|(Exclusively for the use of the media. Not an official document)||
The Hague, 27 November 1996
Delic case (Celebici): three Judges reject the application of the accused
seeking leave to appeal of the decision denying provisional release.
In a decision dated 22 November 1996, an Appeals Bench rejected the application of the accused Hazim DELIC seeking leave to appeal of the decision of 24 October 1996 by which Trial Chamber II rejected provisional release (see Press release 123).
This application for leave to appeal was filed on 5 November 1996 under Rule 72 (B)(ii) of the Rules of Procedure and Evidence, and was considered by the three following Judges of the Appeals Chamber: Antonio CASSESE (President), Haopei LI, and Jules DESCHENES (see Press Release 126).
Arguments of the Judges
The decision of the Judges rejecting Hazim DELIC's application is based on two main arguments:
1. The fact that this application, concerning a decision on provisional release, is not related to matters covered by the article of the Rules dealing with preliminary motions (namely lack of jurisdiction, defects in the form of the indictment, exclusion of evidence, severance of crimes joined in one indictment or for separate trials, denial of request for assignment of counsel) and "is therefore not within the interlocutory jurisdiction of Appeals Chamber".
2. Given that the application of the accused is not based on serious grounds: "(...) Trial Chamber II has quite fairly set out and analysed the various arguments advanced by Delic and has disposed of them convincingly. (...) the Applicant has not even alleged, still less established, either that the Trial Chamber misdirected itself on the law or misapprehended the factual underpinnings of his motion for release".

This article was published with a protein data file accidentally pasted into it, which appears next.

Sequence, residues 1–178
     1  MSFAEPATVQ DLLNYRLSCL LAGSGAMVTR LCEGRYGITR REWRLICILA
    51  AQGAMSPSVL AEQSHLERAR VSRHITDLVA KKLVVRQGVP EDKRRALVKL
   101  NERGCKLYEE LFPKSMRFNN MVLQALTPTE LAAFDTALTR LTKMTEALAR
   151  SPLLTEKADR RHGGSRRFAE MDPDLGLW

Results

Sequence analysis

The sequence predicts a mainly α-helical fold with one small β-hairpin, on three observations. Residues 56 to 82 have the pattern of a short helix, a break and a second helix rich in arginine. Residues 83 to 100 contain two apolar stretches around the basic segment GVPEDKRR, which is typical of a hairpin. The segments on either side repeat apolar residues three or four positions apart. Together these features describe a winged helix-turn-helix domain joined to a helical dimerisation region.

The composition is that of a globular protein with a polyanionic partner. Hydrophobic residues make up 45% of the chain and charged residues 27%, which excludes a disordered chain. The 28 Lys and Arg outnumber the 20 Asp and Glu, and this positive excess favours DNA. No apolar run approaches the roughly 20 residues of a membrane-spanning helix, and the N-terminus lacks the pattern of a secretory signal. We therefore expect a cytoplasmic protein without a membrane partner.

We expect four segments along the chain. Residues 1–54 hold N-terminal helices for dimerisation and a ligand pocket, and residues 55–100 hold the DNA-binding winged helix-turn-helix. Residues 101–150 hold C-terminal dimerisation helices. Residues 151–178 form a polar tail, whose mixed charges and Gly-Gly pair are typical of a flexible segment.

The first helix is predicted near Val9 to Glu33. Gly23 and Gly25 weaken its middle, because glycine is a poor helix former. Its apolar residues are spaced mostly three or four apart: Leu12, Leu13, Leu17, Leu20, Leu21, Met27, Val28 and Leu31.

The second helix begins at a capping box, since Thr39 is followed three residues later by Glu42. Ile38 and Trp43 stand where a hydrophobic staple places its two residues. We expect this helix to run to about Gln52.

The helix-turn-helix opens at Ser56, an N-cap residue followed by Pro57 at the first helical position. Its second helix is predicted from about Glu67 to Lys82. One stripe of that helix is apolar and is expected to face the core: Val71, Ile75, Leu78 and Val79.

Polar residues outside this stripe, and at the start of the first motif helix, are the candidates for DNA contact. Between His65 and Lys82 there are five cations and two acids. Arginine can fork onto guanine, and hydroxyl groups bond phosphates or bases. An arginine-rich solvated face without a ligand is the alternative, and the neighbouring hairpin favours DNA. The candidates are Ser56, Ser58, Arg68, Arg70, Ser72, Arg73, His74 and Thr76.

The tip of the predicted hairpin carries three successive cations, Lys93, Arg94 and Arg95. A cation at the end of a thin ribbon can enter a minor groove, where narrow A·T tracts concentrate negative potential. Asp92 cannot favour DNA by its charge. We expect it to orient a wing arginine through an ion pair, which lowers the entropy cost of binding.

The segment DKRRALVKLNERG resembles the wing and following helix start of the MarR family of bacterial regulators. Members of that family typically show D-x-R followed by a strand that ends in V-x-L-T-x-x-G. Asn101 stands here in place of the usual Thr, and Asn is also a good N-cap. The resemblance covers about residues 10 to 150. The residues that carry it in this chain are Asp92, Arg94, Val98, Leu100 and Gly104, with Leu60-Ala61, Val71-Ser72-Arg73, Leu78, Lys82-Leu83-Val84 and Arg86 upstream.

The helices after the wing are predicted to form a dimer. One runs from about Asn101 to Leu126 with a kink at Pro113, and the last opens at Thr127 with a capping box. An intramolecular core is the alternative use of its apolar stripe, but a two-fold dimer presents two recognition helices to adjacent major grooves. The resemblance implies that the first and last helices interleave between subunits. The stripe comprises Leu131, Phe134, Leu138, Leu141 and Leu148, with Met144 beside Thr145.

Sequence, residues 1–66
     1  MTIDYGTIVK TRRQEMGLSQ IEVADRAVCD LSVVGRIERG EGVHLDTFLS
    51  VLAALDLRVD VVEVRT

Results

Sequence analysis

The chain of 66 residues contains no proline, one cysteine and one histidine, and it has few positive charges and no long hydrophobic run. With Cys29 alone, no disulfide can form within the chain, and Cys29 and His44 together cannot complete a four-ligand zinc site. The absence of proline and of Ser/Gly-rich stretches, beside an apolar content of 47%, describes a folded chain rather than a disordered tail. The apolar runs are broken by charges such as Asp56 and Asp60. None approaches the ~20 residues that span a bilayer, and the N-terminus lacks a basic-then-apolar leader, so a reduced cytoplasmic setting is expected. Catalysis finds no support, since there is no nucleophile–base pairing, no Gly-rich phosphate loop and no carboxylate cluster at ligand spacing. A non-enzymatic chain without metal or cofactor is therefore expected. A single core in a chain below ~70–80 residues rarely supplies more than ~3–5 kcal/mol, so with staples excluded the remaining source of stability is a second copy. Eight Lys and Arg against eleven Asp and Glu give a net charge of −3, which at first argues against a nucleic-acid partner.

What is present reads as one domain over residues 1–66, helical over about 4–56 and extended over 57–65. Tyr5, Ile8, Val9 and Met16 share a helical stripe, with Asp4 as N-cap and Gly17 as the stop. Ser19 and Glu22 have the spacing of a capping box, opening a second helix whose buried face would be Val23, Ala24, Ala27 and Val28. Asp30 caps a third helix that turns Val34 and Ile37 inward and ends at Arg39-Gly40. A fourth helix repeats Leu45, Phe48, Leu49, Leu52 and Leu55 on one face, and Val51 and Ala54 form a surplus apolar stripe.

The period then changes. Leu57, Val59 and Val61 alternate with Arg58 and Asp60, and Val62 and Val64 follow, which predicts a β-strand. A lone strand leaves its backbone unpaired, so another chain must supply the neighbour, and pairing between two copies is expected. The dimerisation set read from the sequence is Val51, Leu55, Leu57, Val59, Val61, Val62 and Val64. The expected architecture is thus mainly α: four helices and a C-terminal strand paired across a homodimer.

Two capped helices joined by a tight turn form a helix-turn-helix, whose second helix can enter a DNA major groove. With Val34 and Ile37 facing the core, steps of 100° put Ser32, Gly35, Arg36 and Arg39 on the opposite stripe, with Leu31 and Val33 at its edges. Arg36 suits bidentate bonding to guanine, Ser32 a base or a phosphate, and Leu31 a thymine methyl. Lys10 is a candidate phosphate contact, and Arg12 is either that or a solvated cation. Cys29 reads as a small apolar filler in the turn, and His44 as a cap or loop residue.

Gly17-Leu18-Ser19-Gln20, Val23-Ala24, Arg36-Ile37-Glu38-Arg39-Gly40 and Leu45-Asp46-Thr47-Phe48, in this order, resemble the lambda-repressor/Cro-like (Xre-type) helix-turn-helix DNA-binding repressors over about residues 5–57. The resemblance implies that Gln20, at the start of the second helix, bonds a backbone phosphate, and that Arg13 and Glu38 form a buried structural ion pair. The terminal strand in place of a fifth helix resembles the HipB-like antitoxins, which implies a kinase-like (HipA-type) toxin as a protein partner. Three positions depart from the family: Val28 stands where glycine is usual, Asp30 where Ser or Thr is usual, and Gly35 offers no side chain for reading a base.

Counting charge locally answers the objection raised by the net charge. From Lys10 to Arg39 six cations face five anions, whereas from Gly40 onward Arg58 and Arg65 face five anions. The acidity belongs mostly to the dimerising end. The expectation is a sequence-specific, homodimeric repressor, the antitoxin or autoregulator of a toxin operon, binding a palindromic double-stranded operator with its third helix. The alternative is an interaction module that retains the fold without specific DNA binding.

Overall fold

The right to liberty
Notwithstanding their decision to reject the application of the accused, the Judges were of the opinion that it raised, among other procedural issues, the fundamental question of the "right to liberty under international law". Their decision therefore addressed the arguments of the Defence on this point.
The Judges held, first of all, that "The right to liberty is without question a fundamental human right", and specified that "the right also entails the right to an effective remedy for deprivation or violation of that right". Regarding this point, the Judges noted that by filing an application to the Trial Chamber, the Applicant exercises "his right to challenge the lawfulness of his detention" and therefore has not been deprived of his right to an effective judicial remedy. Judges held that "the word "effective" does not mean that the Application has to succeed; this would be a nonsense". The Judges stated that the Chamber examined the situation of the accused "quite properly", "in accordance with the appropriate norms and human rights standards".
The Judges also noted that the application of Hazim DELIC refers more specifically to article 14(5) of the International Covenant on Civil and Political Rights which states that "Everyone convicted of a crime shall have the right to his conviction and sentence being reviewed by a higher tribunal according to the law". Regarding this provision, the Judges considered that it "applies only to conviction and sentence, not to provisional release or other interlocutory matters". They added that the guarantees contained in Article 14(5) of the Covenant "are also garanteed in the Tribunal's proceedings", namely Article 25 of the Satute and Rule 108(A) of the Rules of Procedure and Evidence.
International Criminal Tribunal for the former Yugoslavia
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